The paper presents the characteristics of surface sediments in a seagrass-dominated environment of the inner shelf of the Pontinian Islands (Tyrrhenian Shelf, Central Mediterranean). The aims of this work are to characterize the carbonate production and sedimentary processes of a representative high-latitude, temperate Posidonia oceanica–dominated area, to discuss the role of seagrass in the siliciclastic–carbonate mixing processes, which provide analogs for interpreting the occurrence and importance of these types of deposits in the rock record.
The majority of sediments are poorly sorted siliciclastic skeletal sand. Based on grain type and abundance and carbonate content, these deposits include six subfacies. The different subfacies reflect environmental changes within the seagrass environment associated with variations in light penetration and hydrodynamic conditions.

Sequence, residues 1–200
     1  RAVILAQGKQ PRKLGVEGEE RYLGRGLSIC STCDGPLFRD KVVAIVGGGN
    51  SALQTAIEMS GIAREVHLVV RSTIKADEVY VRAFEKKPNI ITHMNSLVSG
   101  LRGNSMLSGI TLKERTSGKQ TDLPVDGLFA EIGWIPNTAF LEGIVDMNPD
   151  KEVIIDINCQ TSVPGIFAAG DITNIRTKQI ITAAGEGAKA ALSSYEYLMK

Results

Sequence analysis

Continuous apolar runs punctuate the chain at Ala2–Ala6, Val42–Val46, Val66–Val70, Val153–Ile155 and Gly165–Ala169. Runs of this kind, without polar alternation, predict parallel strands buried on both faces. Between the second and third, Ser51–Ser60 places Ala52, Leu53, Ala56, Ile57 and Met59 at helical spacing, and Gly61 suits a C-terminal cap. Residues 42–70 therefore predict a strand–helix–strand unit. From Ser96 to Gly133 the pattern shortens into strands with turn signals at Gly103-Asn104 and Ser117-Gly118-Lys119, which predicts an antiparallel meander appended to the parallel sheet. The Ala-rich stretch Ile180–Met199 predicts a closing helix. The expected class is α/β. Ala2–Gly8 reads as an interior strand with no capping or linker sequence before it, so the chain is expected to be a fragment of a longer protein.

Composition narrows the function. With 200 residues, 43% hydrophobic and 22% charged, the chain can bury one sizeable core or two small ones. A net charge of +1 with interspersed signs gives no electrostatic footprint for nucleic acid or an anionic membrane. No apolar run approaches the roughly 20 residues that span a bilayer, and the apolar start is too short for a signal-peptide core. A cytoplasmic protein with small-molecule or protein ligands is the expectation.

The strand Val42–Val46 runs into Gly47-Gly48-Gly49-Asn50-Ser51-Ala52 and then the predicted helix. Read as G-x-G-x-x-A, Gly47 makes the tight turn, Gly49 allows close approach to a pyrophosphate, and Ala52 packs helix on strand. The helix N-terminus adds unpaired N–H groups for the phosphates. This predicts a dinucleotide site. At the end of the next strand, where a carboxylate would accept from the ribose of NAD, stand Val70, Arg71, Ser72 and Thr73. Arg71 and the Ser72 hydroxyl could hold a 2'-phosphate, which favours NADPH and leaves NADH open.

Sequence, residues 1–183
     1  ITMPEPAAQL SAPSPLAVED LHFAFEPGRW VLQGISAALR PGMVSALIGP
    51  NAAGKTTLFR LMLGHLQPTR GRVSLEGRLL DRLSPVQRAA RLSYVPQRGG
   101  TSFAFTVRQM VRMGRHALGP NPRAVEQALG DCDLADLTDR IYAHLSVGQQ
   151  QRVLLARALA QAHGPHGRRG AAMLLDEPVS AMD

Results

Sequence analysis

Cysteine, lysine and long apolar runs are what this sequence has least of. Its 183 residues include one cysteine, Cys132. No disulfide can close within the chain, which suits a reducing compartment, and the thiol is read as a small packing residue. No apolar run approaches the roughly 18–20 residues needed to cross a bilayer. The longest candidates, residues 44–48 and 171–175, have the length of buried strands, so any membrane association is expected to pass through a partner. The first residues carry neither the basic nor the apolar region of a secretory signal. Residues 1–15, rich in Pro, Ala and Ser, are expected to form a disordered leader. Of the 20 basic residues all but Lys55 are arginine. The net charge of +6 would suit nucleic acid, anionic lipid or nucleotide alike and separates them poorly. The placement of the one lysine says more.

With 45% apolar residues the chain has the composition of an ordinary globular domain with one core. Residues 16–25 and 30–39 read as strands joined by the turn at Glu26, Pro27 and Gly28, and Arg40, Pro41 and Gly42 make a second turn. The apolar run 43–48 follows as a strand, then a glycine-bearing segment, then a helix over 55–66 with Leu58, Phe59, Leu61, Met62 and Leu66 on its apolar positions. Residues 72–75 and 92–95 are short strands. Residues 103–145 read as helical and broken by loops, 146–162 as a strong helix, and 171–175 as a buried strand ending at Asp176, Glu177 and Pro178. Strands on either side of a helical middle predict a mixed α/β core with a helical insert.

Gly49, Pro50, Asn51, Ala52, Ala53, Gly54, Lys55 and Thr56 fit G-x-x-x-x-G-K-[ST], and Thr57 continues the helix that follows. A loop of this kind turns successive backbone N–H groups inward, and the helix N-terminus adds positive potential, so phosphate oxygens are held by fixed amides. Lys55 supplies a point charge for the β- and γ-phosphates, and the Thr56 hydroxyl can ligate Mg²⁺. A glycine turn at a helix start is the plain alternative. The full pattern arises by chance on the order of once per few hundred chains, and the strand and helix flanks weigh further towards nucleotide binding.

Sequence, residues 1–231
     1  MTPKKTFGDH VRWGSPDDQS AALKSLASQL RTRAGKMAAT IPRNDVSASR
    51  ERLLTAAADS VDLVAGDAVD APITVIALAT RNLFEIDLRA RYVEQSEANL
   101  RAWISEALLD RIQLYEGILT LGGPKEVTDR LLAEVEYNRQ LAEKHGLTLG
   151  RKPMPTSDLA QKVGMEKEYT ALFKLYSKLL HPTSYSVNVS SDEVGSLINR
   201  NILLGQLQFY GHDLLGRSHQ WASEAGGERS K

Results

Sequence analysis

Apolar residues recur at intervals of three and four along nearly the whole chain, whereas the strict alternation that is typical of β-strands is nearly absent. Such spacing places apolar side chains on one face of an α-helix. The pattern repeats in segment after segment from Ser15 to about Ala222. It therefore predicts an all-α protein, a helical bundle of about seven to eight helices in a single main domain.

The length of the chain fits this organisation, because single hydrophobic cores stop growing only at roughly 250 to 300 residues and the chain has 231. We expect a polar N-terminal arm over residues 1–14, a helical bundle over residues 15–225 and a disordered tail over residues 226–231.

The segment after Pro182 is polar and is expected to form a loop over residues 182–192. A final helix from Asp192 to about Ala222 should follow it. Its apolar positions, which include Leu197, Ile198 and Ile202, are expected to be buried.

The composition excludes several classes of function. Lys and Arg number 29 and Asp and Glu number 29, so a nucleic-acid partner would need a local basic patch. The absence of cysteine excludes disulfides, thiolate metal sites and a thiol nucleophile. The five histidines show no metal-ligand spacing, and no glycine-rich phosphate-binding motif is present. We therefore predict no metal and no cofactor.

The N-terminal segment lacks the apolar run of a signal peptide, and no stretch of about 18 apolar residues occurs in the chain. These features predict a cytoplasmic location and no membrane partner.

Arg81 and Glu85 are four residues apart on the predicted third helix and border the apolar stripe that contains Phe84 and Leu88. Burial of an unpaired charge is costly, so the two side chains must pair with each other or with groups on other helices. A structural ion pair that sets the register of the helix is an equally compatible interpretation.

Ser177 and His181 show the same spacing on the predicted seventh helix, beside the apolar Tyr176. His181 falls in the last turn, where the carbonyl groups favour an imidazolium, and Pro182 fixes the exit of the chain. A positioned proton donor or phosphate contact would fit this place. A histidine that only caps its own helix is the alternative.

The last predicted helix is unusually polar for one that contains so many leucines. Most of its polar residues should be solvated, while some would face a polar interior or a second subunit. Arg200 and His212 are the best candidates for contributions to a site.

Additionally, the seagrass facies range from purely carbonate to mixed carbonate–siliciclastic, depending on the amount of siliciclastic input and on the capacity of seagrasses to trap allochthonous sediments while hosting carbonate-producing biota. The type of substrate and the erosion and transport processes control the siliciclastic input. In these Pontinian seagrass meadows, sedimentary facies contain abundant siliciclastic grains produced by erosion of the volcanic substrate and trapped by seagrass blades and rhizomes. This Pontinian example illustrates that in heterozoan-dominated seagrass settings, mud-producing green algae are not present or are not calcifying, and consequently, seagrass deposits are much more grainy than photozoan counterparts. Ancient heterozoan tropical seagrass deposits likely will be discriminated from their temperate or subtropical counterparts only by careful taxonomic analysis of skeletal grains.